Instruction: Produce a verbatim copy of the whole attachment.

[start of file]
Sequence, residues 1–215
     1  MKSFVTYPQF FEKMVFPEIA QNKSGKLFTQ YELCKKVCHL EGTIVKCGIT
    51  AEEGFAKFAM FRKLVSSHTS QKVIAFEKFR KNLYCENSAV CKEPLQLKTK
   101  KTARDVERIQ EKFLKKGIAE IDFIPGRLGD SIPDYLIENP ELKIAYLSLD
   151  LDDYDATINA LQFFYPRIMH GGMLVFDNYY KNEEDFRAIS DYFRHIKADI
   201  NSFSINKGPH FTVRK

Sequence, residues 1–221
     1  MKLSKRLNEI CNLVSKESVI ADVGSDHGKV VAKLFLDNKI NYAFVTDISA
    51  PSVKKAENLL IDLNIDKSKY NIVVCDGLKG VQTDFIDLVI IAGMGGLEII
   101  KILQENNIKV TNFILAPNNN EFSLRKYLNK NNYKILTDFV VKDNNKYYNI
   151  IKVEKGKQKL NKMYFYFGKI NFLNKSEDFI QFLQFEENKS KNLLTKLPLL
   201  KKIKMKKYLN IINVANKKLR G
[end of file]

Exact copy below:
Sequence, residues 1–215
     1  MKSFVTYPQF FEKMVFPEIA QNKSGKLFTQ YELCKKVCHL EGTIVKCGIT
    51  AEEGFAKFAM FRKLVSSHTS QKVIAFEKFR KNLYCENSAV CKEPLQLKTK
   101  KTARDVERIQ EKFLKKGIAE IDFIPGRLGD SIPDYLIENP ELKIAYLSLD
   151  LDDYDATINA LQFFYPRIMH GGMLVFDNYY KNEEDFRAIS DYFRHIKADI
   201  NSFSINKGPH FTVRK

Sequence, residues 1–221
     1  MKLSKRLNEI CNLVSKESVI ADVGSDHGKV VAKLFLDNKI NYAFVTDISA
    51  PSVKKAENLL IDLNIDKSKY NIVVCDGLKG VQTDFIDLVI IAGMGGLEII
   101  KILQENNIKV TNFILAPNNN EFSLRKYLNK NNYKILTDFV VKDNNKYYNI
   151  IKVEKGKQKL NKMYFYFGKI NFLNKSEDFI QFLQFEENKS KNLLTKLPLL
   201  KKIKMKKYLN IINVANKKLR G